How can I calculate this limit? ( I tried l'Hopital and failed )

I have to calculate this : $$\lim_{x\to 0}\frac{2-x}{x^3}e^{(x-1)/x^2}$$ Can somebody help me?

• How did l'hopsital fail? – qwr May 28 '14 at 23:26
• If you apply it twice then it almost returns to it's original form. – Denis May 28 '14 at 23:37
• The tag (limit-theorems) is intended for questions about limit theorems in probability theory and not for questions about determining limits of sequences or functions, see the tag-wiki and the tag-excerpt. (The tag-excerpt is also shown when you are adding a tag to a question.) – Martin Sleziak Jun 9 '14 at 12:00

Hint: It may be fruitful to substitute $\alpha = 1/x$, in which case you obtain the limit

$$\lim_{ \alpha \rightarrow \infty} \left(2 - \frac{1}{\alpha} \right) \alpha^3 e^{\alpha - \alpha^2}$$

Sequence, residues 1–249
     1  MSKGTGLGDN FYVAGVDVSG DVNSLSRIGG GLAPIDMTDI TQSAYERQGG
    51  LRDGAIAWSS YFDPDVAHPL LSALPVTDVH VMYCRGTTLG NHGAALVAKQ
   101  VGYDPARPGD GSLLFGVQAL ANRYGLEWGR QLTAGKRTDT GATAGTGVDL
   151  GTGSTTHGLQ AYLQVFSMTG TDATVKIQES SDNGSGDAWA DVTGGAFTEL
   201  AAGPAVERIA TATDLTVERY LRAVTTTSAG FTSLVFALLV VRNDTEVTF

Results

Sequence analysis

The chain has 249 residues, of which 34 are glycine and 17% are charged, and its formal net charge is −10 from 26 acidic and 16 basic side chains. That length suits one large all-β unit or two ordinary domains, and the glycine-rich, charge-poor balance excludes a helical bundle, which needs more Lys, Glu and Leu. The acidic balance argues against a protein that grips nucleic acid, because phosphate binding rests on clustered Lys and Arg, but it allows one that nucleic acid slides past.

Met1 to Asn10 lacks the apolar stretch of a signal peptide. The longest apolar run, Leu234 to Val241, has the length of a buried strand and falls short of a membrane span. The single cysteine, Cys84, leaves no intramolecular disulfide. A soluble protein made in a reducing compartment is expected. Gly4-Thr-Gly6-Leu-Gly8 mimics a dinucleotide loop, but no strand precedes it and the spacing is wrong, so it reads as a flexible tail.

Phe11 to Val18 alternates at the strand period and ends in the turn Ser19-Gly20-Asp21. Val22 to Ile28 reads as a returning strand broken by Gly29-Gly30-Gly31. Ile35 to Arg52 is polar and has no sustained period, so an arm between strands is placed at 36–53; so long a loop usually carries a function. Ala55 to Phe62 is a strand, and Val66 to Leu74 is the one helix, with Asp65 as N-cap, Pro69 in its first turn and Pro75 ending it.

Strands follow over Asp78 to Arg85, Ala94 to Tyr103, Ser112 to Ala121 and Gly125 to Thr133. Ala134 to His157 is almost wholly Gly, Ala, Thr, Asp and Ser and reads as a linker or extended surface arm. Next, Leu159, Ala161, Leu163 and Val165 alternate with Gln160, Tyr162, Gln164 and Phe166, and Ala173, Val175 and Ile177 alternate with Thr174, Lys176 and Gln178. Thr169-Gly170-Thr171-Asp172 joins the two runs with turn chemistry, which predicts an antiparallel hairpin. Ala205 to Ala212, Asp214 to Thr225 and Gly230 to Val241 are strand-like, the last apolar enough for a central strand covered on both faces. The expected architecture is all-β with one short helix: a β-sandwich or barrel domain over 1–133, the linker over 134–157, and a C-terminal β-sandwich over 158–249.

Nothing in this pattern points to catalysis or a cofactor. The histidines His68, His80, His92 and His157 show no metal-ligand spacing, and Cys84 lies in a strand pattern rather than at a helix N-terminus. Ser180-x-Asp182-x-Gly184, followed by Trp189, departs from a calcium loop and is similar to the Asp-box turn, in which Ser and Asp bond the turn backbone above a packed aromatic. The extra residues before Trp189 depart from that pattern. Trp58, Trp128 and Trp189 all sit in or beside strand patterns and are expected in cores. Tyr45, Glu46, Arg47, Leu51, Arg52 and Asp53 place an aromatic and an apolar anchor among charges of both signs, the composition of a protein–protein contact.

I should note that, here, I'm taking your limit to in fact be the limit as $x$ approaches $0$ from the positive direction. If you're intending for your limit to be two-sided, then you should think about why that would cause problems.

Letting $w=1/x$, we have $$\lim_{x\downarrow 0}\frac{2-x}{x^3}e^{(x-1)/x^2} = \lim_{w\to+\infty} \left(2 - \frac 1 w \right) w^3 e^{w^2\left(\frac 1 w - 1\right)} = \lim_{w\to+\infty} (2w^3 - w^2) e^{w-w^2}$$ $$= \lim_{w\to+\infty} \frac{2w^3-w^2}{e^{w^2-w}}.$$ L'Hopital should handle that.

Maybe I'll post something on $x\uparrow 0$ later . . .

$$\lim_{x\to0}(f(x)g(x)) = \lim_{x\to0}(f(x)) \cdot \lim_{x\to0}(g(x))$$

With that being said you can let $f(x) = (2-x)/x^3$ and $g(x) = e^{(x-1)/x^2}$

I hope this helps.

• It doesn't because the first limit is infinite and the second limit is 0 and you can't multiply them. – Denis May 28 '14 at 23:29
• Ah right I didn't even really think about the limits. – meh May 28 '14 at 23:31